X-Sat / Mitsubishi Protocol

Originally I've called this the X-Sat protocol because it was used in the X-Sat CDTV 310 Satellite receiver made by the French company Xcom. This protocol is probably also used in other X-Sat receivers, but I have no means to verify that.

Update: David Turner informed me that he has seen this protocol being used by Mitsubishi. It could well be that the protocol originally was created by Mitsubishi. I have found a PDF on the internet describing the SC-33B remote control, which is exactly the same protocol. The only difference is that they use a 40kHz carrier, instead of the 38kHz carrier I have seen on the X-Sat receiver.
David also mentioned that he had to transmit each command twice with a 30ms pause between them.

Features

  • 8 bit address and 8 bit command length.
  • Pulse distance modulation.
  • Carrier frequency of 38kHz.
  • Bit time of 1ms or 2ms.

Modulation

X-Sat Modulation

The X-Sat protocol uses pulse distance encoding of the bits. Each pulse is a 526┬Ás long 38kHz carrier burst (about 20 cycles). A logical "1" takes 2.0ms to transmit, while a logical "0" is only 1.0ms. The recommended carrier duty cycle is 1/4 or 1/3.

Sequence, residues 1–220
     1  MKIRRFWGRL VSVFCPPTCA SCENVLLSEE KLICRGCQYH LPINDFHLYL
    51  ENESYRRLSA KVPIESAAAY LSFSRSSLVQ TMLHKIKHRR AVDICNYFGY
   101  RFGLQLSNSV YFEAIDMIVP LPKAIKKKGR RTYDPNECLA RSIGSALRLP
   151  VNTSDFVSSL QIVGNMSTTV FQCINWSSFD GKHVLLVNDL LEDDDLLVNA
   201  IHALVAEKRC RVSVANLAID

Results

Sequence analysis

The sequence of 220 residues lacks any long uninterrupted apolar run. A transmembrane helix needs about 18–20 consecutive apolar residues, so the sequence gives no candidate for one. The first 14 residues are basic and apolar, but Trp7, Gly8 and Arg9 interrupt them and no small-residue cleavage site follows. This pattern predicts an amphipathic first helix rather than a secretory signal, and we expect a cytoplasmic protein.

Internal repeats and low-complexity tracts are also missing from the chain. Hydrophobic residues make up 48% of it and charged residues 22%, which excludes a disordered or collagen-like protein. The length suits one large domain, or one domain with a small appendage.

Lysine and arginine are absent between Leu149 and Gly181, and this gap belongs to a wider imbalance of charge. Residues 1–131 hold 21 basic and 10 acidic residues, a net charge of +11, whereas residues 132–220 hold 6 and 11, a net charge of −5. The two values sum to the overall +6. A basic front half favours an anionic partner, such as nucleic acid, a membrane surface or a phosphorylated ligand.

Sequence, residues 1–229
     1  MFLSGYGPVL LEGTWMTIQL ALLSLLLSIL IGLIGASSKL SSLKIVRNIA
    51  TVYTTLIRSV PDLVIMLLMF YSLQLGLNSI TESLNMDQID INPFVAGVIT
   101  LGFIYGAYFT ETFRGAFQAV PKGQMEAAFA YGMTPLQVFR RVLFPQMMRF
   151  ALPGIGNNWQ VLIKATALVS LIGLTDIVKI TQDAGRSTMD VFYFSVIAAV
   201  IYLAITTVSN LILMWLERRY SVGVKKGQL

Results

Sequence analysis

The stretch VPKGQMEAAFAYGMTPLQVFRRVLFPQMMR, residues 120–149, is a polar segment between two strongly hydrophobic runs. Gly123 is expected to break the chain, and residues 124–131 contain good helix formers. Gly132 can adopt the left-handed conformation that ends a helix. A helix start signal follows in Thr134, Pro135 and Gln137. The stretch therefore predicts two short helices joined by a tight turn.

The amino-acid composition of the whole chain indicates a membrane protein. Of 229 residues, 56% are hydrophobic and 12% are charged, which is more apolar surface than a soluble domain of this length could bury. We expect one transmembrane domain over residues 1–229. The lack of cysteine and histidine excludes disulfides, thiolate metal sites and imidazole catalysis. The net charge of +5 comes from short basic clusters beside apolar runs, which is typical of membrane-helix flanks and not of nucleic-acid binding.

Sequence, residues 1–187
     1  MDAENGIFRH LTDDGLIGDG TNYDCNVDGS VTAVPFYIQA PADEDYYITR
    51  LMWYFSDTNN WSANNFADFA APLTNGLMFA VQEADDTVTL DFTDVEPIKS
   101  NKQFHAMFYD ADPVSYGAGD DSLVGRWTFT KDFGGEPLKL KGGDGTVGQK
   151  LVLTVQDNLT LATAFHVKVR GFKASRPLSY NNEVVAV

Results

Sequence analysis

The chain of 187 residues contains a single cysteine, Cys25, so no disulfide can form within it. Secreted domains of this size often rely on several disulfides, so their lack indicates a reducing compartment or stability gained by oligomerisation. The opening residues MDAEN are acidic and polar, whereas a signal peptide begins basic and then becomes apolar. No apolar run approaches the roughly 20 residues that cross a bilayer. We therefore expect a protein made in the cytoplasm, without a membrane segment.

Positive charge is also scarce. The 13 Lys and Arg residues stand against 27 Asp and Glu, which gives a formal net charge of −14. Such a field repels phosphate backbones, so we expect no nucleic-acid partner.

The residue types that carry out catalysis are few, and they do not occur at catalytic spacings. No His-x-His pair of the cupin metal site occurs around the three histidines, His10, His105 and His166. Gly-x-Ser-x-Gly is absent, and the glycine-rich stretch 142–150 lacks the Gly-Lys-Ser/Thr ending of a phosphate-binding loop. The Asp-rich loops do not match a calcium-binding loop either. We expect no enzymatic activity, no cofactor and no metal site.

Protocol

X-Sat Pulse Train

The picture above shows a typical pulse train of the X-Sat protocol. With this protocol the LSB is transmitted first. In this case Address $59 and Command $35 is transmitted. A message is started by a 8ms AGC burst, which was used to set the gain of the earlier IR receivers. This AGC burst is then followed by a 4ms space, which is then followed by the Address and Command. A peculiar property of the X-Sat protocol is the 4ms gap between the address and the command. The total transmission time is variable because the bit times are variable.

X-Sat Repeat Sequence

An IR command is repeated every 60ms for as long as the key on the remote is held down.